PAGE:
JT: In 2009 your player Jim Griffin died at age 23 from an undetectable heart condition. What was your reaction when you learned of his death, and how was your team able to overcome this tragic event?
JT: We were having some pre-practice workouts in September, and a trainer came over to tell me that they had found Jim dead in his room. We never did overcome it. We never quit, but the whole team was just spent by the end of the year. The two conflicting emotions we had were grief and competition, and there is no way to make them work in harmony.
JT: In January 2010 you suffered a seizure and collapsed during a win at UNC Greensboro, but you postponed an air-lift to a hospital at UAB because you did not want to miss watching your hometown Saints in the NFC title game. How serious was the incident, and what did it mean to you when the Saints went on to win the Super Bowl?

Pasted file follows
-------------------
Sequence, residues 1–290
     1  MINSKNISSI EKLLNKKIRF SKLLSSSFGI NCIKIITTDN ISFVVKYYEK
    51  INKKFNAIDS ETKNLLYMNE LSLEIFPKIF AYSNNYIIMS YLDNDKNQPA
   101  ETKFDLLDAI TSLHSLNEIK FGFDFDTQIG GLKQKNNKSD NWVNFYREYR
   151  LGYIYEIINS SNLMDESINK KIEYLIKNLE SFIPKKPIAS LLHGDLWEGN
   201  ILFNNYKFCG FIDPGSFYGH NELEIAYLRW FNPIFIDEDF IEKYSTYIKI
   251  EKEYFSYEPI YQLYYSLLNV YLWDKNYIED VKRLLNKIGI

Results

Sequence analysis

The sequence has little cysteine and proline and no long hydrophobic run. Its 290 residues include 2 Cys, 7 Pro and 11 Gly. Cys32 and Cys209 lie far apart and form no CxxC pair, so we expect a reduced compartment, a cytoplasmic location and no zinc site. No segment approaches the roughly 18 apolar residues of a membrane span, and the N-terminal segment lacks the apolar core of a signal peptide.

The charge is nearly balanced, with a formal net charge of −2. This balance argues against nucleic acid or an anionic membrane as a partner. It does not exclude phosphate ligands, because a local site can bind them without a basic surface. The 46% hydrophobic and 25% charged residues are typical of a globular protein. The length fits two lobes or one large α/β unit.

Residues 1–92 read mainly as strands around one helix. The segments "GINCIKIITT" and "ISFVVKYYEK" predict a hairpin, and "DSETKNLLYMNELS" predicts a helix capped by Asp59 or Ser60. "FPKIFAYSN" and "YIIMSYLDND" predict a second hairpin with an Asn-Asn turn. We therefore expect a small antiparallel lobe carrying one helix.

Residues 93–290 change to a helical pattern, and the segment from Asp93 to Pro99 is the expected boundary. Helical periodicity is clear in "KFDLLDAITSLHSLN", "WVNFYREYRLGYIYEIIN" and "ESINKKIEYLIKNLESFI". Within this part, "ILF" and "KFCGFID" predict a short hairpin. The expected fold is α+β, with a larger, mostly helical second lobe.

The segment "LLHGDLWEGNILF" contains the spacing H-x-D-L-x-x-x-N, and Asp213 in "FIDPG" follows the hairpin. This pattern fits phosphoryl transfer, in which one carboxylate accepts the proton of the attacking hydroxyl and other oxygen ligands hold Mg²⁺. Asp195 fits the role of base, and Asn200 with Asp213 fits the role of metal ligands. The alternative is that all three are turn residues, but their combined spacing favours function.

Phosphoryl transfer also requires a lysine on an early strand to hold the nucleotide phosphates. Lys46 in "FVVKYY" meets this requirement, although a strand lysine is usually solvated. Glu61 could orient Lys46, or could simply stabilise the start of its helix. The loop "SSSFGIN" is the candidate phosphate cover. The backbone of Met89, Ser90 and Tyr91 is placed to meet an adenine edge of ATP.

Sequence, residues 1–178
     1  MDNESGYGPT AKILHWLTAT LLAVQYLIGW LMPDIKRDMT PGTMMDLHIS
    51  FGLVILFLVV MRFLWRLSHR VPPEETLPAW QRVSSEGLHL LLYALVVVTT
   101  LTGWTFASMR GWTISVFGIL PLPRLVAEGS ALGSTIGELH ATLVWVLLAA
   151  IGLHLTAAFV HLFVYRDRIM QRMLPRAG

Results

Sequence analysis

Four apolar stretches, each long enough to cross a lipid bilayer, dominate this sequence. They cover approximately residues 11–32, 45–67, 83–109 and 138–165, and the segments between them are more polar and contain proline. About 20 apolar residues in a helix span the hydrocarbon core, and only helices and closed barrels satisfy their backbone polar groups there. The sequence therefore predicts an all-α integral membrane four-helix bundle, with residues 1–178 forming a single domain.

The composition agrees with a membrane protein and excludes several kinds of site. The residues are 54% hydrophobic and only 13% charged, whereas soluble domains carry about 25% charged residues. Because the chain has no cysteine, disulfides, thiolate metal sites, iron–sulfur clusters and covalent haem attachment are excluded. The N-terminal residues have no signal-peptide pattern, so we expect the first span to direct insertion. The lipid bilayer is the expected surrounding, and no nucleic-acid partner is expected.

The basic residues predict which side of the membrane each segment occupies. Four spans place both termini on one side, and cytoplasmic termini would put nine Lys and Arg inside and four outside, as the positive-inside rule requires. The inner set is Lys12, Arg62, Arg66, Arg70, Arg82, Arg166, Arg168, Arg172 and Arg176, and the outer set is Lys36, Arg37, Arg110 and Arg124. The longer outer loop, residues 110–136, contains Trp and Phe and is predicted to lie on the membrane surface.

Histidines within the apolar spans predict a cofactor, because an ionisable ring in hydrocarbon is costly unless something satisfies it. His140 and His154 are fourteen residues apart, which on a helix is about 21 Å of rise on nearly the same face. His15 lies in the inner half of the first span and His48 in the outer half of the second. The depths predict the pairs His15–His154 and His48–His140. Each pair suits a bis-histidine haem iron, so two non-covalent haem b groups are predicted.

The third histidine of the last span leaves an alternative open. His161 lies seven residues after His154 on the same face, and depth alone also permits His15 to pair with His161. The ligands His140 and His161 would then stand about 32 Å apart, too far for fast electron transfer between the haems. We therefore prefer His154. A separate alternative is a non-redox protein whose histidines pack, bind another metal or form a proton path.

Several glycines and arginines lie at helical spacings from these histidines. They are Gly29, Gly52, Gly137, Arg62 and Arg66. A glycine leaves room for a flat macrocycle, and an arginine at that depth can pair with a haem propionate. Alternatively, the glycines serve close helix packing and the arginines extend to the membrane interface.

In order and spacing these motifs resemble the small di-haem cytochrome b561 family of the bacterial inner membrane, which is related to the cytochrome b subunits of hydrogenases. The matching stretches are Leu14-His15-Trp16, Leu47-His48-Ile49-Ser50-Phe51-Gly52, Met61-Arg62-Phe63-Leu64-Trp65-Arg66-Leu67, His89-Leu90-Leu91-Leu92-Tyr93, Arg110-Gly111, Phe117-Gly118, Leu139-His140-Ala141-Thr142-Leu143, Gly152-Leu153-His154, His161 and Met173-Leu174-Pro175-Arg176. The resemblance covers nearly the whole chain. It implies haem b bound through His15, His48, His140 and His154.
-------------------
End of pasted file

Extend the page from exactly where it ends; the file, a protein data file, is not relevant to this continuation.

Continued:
JT: My body just shut down, but luckily I had an assistant there to catch me before I hit the floor. The Super Bowl win meant a lot to me because I remember the days when fans wore bags on their head to cheer on the "Aints". I woke up from the seizure and was asking everyone what happened. I had a little headache but generally felt fine. I found out a week or two later that there was going to be some physical incapacity and mental diminution, but luckily I now feel healthy and am trying to make the most of my second chance.
JT: Earlier this season you hired assistant coach Terrence Johnson to replace Thomas Johnson. Was this just an attempt to keep all the "T. Johnson" labels that were lying around your locker room/office?
JT: You hit it on the head: I did not want to change the name on the front of his door! Thomas left for personal reasons, but Terrence is a good guy who was displaced after Hurricane Katrina and spent some time in Texas. I have to be around guys who I know, and they are all great guys. We are good at recruiting in-state, but a lot of the kids have moved to Texas, which is where TJ will help us immensely.
JT: What are your goals for this season, and how hard will it be to succeed after the graduation of Trey Montgomery?